"In a moment I'm going to ask you to support the most unusual campaign we have ever launched -- but first, some background.
Facebook, the social networking website, is getting a lot of attention these days. In the trade union movement, there are differences of opinion about how useful Facebook actually is. Some of us are making a real effort to find out by using Facebook as an organizing tool.
One of them is senior LabourStart correspondent Derek Blackadder, from Canada. Derek's day job is as a staffer for the country's largest union, the Canadian Union of Public Employees (CUPE). He's one of the people who thinks Facebook is potentially quite useful for trade unionists.
Well, maybe not so much anymore.
You see, a few days ago, Derek was banned from Facebook.
I'll let John Wood from the U.K. tell the story in his own words:
Derek got a note from the good book, telling him he was trying to add too many friends, and should calm down a bit, or else. Now as a union organiser, he’s quite likely to want to add lots of friends - it’s kind of what he does. So he waits a bit and tries again, and is told he can’t add any more at the moment and to wait and try later. Fair enough. He waits a bit more and tries again, same message. By now, he’s probably frothing at the mouth and muttering "must organise, must organise", so he has another go to see if the coast is clear, and promptly gets himself a ban. That being a ban from Facebook itself - no more profile, no access to the stuff he’s built up, no appeal.
We know that this isn't nearly as important as most of the other campaigns we do on LabourStart -- and if you read all of John's article you'll detect a somewhat light-hearted tone.
Still, as social networks become more and more important, our access to them as trade unionists must be protected. These are early days yet -- I know that most of you are not yet signed up to Facebook. This is good time to see whether we can mobilize the kind of support -- the thousands of names -- that will force the owners of Facebook to reverse course and allow Derek to do what he does so well: organize.
Thanks for your help on this. And spread the word! "
I'm sorry to say that this is probably one of those private vs public space things, and is a losing battle; fundamentally flawed. Facebook is and will always be used for advertising. The connections Derek is using to build up in his Facebook profile aren't owned by Derek in the way that he owns his email address book. Facebook owns every single one of those connections and addresses, Derek just uses them - working for free to maintain and add to them. Facebook plans to flog those connections to advertisers looking to micro-advertise to every one of Derek's thousands and thousands of "friends". Unfortunately, the more people Derek connects with, the broader those micro-connections become and the less defined Facebook's advertising scheme becomes. Someone could send their ads to everyone on Derek's Facebook list, only half of whom would care about it.
Also, Facebook doesn't really want to support anyone running around using it for causes that might upset their advertising dollar. Thousands of friends? All connected via one degree? The huge web he has created is perfect in that one sense, it means that it guarantees an advertising demographic all roughly similar and more likely to be susceptible to specific forms of advertising (a Facebook group of people who all fancy china collectables will be perfect for targeted advertising from eBay about collectables auctions, for example).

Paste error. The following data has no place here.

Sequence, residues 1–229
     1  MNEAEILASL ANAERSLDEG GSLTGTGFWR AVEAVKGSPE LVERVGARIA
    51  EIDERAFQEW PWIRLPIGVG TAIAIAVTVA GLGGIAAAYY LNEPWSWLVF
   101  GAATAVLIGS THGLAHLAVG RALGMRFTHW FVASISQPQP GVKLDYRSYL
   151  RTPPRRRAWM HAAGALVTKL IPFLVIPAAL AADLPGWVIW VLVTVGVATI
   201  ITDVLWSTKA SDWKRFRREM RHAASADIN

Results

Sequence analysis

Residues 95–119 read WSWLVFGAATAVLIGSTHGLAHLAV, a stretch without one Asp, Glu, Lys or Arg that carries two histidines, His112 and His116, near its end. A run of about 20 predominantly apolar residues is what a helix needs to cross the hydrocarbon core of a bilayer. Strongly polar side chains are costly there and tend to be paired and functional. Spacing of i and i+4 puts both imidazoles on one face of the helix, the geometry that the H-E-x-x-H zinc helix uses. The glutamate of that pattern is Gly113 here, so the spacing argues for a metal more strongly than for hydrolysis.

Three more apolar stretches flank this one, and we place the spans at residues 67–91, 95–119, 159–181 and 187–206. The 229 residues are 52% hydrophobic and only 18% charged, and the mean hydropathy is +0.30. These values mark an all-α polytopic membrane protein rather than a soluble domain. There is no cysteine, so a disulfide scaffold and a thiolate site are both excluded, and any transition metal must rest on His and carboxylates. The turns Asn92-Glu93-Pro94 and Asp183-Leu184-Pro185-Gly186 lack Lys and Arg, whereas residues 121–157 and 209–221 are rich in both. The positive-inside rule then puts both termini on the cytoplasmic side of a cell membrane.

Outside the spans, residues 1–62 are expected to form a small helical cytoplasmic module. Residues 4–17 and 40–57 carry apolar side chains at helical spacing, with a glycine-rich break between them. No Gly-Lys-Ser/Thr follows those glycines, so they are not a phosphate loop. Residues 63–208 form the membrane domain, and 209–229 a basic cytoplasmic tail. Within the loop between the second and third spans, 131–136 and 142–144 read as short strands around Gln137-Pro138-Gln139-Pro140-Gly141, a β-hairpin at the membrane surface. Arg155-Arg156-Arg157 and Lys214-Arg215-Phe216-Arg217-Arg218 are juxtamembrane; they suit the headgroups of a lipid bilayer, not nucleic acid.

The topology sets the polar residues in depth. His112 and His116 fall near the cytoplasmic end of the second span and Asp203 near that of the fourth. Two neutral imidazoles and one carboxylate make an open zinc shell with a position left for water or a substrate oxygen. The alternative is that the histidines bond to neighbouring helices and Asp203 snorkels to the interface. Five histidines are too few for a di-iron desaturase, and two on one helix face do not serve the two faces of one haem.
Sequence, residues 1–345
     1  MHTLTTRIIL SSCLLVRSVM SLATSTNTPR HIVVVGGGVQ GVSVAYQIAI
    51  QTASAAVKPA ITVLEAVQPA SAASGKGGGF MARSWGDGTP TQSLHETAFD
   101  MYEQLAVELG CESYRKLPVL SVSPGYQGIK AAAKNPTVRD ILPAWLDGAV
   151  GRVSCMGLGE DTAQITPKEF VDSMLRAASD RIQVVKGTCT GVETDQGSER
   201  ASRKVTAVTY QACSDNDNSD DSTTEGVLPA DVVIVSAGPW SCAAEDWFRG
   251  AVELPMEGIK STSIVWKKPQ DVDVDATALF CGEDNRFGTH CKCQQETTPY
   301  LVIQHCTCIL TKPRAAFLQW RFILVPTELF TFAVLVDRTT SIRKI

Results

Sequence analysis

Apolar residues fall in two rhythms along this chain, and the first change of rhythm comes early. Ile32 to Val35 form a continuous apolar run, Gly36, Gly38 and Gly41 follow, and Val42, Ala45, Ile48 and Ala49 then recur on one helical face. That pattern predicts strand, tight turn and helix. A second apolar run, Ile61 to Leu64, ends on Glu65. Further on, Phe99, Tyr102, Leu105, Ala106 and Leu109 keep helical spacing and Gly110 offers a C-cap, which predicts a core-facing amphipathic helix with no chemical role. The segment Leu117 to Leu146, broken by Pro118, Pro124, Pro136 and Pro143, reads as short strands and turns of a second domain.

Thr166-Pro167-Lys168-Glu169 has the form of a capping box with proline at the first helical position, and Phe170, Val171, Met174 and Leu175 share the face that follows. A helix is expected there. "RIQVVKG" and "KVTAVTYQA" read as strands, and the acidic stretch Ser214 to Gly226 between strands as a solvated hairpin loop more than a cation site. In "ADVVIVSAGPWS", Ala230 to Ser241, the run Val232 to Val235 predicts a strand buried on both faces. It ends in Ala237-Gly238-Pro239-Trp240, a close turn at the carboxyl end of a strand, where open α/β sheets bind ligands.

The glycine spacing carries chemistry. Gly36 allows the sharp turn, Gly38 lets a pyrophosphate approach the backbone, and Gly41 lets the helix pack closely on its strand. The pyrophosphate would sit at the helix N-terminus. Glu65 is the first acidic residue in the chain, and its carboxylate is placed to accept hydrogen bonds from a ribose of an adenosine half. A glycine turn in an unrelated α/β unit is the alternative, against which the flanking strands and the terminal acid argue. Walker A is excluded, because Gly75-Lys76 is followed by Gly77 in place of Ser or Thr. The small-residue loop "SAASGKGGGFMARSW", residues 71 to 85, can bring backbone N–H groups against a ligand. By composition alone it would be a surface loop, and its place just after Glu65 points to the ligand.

But a huge group of people from a public employee's union?
What do unions buy as a group? Nothing!
More importantly, what do unionists like to buy as individuals? Nothing!
What is the purpose of the union's existence? To cause trouble for capitalists and employers!
Capitalists and employers are the ones who spend bucks at Facebook to have their advertising go to just the right kind of people. Unions aren't full of the right kind of people. They are full of the Wrong Kind of People who tend to save and think rather than spend and drool thoughtlessly in front of a computer (on average).
Derek is running into the same problems one might have were they attempting to set up a protest march in a shopping mall - it's a privately-run business. They can just call the cops and chuck you out whenever you want! (See Naomi Klein's No Logo for a more detailed discussion of the loss of public spaces if you can really be bothered). Just because Facebook exists on that great modern equaliser, The Internet, doesn't mean it's democratic in even the slightest sense.
Frankly, I'm surprised that a union organiser bought the hype over Facebook. It's not a social networking site, like all it's advertising and spin says it is. It is a social categorising site that uses networking as a front for gaining a high-definition picture of each and every consumer group. You feed on the sweet sweet endorphins of fleeting popularity while you hook your life up to the machine so that as your Facebook page grows with friends and groups and causes, so does the information via which Facebook can make money of you for free. It is an utterly flawed tool for union organising, like slipping rally leaflets into mass-delivered junk mail. Unionism is about the people organising themselves to combat exploitation and to guard their rights. But what good is it when the entire communication network is owned by a single, privately-owned company, whose conditions for use are inherently exploitative?
Stick to the emails, Derek.
GTH - River skewered Guess The Header for last entry - they were indeed votive candles in a Catholic Church (Notre Dme Cathedral). This post's competition is more like homework than Where's Wally. The riddle runs thus: how does the title relate to the post? It's quite cryptic and involves a few jumps. Clue? Start with a TV show theme ...